They have even been heralded as “exemplary” after triumphing in rigorous, competitive tyre tests carried out last year in Germany by Auto Bild magazine – further elevating their reputation for unrivalled longlasting performance.
Auto Bild staged what it believes were the first published indepth tests comparing the performance of different tyres as they wear. It pitted CrossClimate+ against allseason fitments from five competitors* at three tread depths – 8mm (new), 4mm and 2mm.
Commenting on the wet braking results, Auto Bild testers said: “It’s remarkable that the 2mm Michelin brakes better than most candidates with 4mm remaining tread.” And when it came to winter handling, they said “only the Michelin delivers safe handling with 2mm of tread”.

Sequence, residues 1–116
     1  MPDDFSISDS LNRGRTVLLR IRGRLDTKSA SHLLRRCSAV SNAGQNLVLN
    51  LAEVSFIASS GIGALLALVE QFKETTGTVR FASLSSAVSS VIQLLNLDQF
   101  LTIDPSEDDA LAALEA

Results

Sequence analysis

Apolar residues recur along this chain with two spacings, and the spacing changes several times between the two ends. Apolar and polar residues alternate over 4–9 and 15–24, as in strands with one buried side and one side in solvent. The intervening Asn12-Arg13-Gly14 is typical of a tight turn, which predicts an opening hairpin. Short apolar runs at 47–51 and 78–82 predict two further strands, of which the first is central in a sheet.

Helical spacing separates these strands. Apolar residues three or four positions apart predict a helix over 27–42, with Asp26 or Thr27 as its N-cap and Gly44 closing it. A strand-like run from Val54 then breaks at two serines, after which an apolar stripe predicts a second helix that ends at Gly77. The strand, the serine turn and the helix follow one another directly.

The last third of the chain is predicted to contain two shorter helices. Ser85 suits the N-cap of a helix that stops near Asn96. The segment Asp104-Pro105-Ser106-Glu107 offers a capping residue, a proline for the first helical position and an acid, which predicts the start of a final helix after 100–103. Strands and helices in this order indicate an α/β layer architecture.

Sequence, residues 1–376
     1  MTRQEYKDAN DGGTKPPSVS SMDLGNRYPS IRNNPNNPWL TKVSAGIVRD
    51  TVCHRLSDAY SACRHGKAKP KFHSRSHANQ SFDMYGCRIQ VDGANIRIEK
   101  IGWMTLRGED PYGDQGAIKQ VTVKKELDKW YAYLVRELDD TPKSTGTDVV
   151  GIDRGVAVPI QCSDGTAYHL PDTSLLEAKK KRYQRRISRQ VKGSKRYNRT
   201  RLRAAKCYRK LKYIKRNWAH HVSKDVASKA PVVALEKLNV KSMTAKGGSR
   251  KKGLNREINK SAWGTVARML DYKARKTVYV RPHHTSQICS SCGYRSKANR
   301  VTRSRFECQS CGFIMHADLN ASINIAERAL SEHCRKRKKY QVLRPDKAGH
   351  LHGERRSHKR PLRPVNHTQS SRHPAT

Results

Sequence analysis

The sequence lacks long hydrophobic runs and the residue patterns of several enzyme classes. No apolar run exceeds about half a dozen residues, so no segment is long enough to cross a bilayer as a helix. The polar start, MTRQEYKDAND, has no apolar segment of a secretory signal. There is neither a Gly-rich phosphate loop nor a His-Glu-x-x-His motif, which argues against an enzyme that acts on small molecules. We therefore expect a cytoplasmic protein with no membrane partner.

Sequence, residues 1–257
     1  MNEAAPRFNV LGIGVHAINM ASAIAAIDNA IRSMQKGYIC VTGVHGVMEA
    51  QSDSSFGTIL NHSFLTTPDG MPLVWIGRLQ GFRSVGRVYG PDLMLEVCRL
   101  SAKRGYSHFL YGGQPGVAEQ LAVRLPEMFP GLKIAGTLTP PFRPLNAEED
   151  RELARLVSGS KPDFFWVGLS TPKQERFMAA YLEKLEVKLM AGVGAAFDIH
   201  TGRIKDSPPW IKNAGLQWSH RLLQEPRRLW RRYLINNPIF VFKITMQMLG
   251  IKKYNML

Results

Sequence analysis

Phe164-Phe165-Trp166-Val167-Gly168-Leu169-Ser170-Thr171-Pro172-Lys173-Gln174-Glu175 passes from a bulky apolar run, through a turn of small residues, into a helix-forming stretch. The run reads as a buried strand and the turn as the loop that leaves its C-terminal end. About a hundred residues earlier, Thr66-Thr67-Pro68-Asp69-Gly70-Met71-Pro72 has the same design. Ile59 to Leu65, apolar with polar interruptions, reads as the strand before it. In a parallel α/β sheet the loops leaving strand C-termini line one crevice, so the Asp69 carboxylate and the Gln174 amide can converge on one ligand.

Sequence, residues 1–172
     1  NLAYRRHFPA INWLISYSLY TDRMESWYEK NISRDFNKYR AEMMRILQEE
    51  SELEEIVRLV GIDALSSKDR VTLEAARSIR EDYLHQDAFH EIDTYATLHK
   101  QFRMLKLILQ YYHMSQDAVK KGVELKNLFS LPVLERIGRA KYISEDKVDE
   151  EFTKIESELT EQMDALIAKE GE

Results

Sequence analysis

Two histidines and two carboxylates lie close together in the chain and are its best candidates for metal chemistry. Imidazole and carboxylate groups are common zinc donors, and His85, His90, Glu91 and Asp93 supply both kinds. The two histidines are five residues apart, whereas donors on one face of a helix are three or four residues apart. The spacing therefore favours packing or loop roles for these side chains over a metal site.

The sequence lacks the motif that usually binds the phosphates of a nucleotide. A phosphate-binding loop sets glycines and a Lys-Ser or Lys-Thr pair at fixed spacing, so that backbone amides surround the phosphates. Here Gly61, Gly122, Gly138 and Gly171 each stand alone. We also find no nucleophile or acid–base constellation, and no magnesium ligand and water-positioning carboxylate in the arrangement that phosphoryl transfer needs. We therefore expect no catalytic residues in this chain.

Michelin is committed to expanding its CrossClimate range, with car and carderived van fitments available from 14 to18 inches, expanding to 19 inches later this year.
CrossClimate SUV tyres are available in16 to19inch sizes, and soon increasing to 20 inches. From May, we’ll be introducing the first Agilis CrossClimate tyres for vans – bringing a new level of safety and mobility to these fleets, and without the costs or downtime of running two sets of tyres.
* Tested by Auto Bild magazine alongside Michelin CrossClimate+ 92 V were the following t yres – Goodyear Vector 4Seasons Gen-2 88 T, Pirelli Cinturato All Season 88 H, Hankook Kinergy 4S 88 T, Vredestein Quatrac 5 88 T & Nokian Weatherproof 88 T. Tests measured tyres’ performance in the following handling disciplines: Snow – traction, slalom, braking and handling; Wet – aquaplaning, skid pan, braking and handling; and Dry – handling, braking, drive-by noise and rolling resistance.